Only a handful of the 11 movies that Berlin-based British writer Max Décharné chronicles in Hardboiled Hollywood: The True Crime Stories Behind The Classic Noir Films are actually noir films in the classic sense—black-and-white ’40s and ’50s melodramas involving private eyes and no-good dames. Instead, Hardboiled Hollywood is as concerned with gangster films such as Little Caesar and Get Carter as it is the post-Raymond Chandler/Philip Marlowe diaspora. Décharné also includes a few British movies—not Hollywood, per se—and only some of the stories he relates are about true crime, so these “true crime stories about noir movies” are something rather different than what his subtitle promises.
On its own terms, though, Hardboiled Hollywood is a brisk, sporadically entertaining genre piece. Décharné clearly relishes crime writing and film-watching of all stripes, and he frequently finds choice quotes from relatively unplundered archival material, such as the British movie mag Films & Filming on the fusillade of early-’60s Psycho rip-offs (“according to Roget’s Thesaurus we can still expect to see Auto-, Dipso, Klepto-, Megalo-, Mono-, and Pyro-maniac”), or the Spectator’s response to Nicholas Ray’s In A Lonely Place (“If the director had taken the trouble to be French, we would be licking his boots in ecstasy”). He makes persuasive cases for overlooked films like Val Guest’s Hell Is A City and John Milius’ Dillinger. And with a keen eye, he lays out the ways in which Hollywood’s production-code standards prevented, then allowed, harder-edged movies to see release.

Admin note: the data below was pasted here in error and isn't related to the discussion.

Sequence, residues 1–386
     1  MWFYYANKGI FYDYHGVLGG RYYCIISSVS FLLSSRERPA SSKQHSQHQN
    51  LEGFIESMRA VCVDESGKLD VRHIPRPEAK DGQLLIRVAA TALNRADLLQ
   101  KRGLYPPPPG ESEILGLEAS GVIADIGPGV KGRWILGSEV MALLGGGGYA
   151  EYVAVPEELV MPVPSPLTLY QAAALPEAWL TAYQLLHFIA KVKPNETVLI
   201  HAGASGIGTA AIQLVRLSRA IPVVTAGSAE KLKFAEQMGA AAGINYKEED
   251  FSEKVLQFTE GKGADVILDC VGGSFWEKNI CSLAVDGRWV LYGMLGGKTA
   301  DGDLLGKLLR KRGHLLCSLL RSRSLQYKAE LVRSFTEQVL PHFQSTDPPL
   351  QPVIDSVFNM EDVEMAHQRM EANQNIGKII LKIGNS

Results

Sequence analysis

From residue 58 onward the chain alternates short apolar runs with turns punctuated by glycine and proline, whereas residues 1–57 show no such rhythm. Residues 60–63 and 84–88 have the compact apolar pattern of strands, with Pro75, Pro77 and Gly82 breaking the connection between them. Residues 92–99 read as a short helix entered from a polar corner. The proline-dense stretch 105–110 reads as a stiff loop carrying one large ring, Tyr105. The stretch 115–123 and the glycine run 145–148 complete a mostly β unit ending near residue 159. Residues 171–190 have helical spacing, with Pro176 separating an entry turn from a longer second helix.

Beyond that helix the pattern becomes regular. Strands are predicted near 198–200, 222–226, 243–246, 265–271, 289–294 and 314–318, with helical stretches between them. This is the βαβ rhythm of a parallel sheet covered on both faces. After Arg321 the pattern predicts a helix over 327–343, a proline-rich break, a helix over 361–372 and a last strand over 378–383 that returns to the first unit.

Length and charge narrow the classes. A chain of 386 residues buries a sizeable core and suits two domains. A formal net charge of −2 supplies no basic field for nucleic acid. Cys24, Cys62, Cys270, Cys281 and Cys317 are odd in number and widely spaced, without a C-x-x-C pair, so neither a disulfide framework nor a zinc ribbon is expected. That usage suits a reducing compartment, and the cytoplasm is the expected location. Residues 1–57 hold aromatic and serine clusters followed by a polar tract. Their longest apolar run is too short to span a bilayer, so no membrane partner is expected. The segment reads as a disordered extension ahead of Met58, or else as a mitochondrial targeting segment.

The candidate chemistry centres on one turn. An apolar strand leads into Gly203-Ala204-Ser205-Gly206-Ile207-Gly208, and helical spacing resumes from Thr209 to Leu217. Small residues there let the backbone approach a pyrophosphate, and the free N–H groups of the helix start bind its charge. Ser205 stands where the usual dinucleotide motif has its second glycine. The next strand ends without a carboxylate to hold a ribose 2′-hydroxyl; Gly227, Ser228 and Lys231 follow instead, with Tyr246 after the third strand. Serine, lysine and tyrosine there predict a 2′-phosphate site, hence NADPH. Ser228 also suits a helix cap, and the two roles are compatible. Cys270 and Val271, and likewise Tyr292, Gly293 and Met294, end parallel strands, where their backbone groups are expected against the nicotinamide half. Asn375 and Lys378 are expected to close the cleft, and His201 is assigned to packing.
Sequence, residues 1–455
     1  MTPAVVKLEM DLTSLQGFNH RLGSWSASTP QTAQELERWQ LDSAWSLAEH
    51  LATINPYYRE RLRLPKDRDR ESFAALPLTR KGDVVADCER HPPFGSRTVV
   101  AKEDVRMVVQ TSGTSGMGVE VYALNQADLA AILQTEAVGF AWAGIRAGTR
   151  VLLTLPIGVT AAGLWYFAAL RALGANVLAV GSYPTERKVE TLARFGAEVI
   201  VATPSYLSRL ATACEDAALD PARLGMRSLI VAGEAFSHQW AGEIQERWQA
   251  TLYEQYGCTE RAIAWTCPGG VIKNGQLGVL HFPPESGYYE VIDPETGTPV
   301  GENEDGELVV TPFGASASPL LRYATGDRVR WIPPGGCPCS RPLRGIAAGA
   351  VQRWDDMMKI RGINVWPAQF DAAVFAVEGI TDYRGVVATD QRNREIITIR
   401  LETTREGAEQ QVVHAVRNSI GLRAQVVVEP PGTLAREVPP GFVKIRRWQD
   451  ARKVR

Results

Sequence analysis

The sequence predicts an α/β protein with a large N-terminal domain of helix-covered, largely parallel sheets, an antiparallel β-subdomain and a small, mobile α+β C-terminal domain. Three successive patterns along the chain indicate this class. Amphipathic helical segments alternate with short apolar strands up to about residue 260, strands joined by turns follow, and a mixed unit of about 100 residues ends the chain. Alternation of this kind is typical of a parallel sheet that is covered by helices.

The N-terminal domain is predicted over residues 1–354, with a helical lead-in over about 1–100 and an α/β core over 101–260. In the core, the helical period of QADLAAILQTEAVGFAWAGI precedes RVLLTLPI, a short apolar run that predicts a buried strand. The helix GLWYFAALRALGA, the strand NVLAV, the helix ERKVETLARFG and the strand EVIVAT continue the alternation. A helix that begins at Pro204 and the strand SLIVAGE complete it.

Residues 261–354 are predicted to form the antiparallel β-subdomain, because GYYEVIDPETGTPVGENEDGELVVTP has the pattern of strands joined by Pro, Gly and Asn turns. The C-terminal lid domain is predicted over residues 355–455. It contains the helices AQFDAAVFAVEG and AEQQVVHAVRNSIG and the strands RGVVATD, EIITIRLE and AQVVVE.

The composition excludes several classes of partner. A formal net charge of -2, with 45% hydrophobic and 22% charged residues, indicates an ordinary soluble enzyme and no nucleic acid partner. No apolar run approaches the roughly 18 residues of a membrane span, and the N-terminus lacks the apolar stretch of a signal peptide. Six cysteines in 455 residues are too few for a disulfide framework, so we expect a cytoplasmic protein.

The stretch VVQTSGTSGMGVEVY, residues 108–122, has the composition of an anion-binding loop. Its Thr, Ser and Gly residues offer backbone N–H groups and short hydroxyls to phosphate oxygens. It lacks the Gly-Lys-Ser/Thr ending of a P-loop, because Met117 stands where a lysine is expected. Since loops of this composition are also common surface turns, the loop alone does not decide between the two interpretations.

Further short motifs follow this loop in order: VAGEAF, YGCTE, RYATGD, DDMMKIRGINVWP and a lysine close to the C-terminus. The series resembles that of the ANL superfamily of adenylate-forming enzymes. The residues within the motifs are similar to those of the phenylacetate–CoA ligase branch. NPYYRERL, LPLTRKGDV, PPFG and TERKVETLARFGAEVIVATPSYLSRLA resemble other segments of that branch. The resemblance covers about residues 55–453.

Décharné frequently approximates the hard-boiled style of the writers he’s chronicling, which can be overly cute at times, as in the Kiss Me Deadly chapter: “Hammer and the dead girl take a one-way trip down the side of the canyon without the aid of a safety net and his car’s chances of ever winning ‘Best in Show’ at an auto rally are shot all to hell.” Nevertheless, he investigates his material with real gusto, and with a comprehensive, informative obsession with the bad men of the screen.